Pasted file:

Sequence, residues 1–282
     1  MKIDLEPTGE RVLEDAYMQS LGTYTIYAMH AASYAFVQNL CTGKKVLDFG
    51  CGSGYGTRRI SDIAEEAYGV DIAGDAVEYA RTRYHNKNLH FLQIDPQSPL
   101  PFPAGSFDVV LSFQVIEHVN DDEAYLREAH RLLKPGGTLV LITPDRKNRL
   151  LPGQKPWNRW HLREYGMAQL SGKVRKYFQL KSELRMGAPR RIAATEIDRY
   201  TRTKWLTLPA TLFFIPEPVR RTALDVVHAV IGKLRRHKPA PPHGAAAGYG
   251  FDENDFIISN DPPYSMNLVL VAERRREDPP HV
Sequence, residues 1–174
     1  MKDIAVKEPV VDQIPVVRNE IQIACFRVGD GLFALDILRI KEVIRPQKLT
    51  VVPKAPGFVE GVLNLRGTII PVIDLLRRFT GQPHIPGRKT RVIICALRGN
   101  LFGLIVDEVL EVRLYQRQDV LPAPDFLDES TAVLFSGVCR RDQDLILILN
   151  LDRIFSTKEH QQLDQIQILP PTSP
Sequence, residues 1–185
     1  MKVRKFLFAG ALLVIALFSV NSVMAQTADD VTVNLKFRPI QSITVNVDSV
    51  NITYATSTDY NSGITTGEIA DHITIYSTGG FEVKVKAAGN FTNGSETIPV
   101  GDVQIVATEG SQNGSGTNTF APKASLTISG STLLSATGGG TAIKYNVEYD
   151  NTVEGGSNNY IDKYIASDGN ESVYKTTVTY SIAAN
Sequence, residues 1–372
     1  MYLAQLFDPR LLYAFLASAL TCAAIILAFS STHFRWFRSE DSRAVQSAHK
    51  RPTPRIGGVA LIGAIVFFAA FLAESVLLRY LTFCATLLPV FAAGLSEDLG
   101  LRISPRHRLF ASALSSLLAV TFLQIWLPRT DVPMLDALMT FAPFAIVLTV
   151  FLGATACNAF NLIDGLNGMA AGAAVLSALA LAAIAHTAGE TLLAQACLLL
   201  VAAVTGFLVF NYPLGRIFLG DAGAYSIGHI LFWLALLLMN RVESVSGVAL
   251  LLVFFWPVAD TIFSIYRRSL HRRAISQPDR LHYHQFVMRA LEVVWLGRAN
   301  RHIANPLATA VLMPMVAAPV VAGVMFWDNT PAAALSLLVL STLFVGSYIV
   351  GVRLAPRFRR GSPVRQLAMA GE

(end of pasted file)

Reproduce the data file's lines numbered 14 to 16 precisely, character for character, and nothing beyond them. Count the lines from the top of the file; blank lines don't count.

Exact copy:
     1  MKVRKFLFAG ALLVIALFSV NSVMAQTADD VTVNLKFRPI QSITVNVDSV
    51  NITYATSTDY NSGITTGEIA DHITIYSTGG FEVKVKAAGN FTNGSETIPV
   101  GDVQIVATEG SQNGSGTNTF APKASLTISG STLLSATGGG TAIKYNVEYD